However, these sounds don’t deter all dogs, but it may be worth trying.

9. Provide a Pooch Path

If your dog walks through your garden and doesn't destroy your veggies, then create him a path.

You can place a spare carpet on your dogs favourite paths or lay mulch on the path. The only downside is that you may have to alter your garden design.

Other Dog-Friendly Gardening Tips 

Here are other dog-friendly gardening tips to consider:

Consider Container Gardening- Growing plants in raised containers and pots rather than directly planting on the ground can prevent dogs from invading your garden.  Container planting also prevents crops from dog digging and colder weather.

Avoid Pesticides and Herbicides. Use organic gardening for your plants as much as you can. Using pesticides and herbicides can make your furry sick. If you have to kill undesired pests, use pet-safe weed killers.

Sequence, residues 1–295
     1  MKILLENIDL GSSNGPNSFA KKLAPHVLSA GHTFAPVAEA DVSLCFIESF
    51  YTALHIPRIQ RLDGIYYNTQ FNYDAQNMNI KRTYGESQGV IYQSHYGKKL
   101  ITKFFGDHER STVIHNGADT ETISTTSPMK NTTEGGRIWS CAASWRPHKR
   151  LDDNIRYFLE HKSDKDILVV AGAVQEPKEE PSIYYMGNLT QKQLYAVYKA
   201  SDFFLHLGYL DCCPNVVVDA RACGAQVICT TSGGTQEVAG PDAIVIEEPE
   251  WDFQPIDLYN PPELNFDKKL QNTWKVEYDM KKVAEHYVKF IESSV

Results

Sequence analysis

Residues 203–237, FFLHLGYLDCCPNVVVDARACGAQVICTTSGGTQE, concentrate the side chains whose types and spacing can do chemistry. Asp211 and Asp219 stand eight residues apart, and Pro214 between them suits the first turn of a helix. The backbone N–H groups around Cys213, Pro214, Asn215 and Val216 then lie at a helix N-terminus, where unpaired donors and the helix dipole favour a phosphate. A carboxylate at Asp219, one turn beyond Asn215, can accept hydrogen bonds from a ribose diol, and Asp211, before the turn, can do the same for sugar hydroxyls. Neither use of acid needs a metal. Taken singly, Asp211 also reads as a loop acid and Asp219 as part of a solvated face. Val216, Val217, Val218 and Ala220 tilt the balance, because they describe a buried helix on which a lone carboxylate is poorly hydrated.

Frequently Asked Questions (FAQS)

1. What can you put on the ground to keep your dog away?

Vinegar and ammonia are two of the most effective repellents for dogs. Spray them around and your dog won't return. However, don’t apply the mixture on your plants, only spread one of them throughout your garden.

2. Do coffee grounds deter dogs?

Yes, dogs aren’t fond of coffee grounds. Plus they are great for your garden soil. So, you can spread them around and your dog will stay away.

3. What keeps pets out of gardens?

Set some thorny branch in the ground or create a chicken fence to protect the entire garden from pets.

4. How can I keep my neighbour's dog out of my garden?

Motion-sensitive sprinkler can keep your neighbour's dog out of your garden day and night. It also works effectively for wild animals, such as skunks and raccoons.

5. What smell do dogs not like?

Citrus. Most dogs can't stand the smell of citrus, like lemon, oranges, and grape fruits.

Wrap Up!

Plants and pets don’t always mix as their pawing and clawing can destroy plants. Instead of giving up and letting them dig holes and brake stems, try out these few steps we have numbers above and let us know how it goes.

However, the response from your dog may vary. So don't give up if some of the above tips don't work for your fluffy one.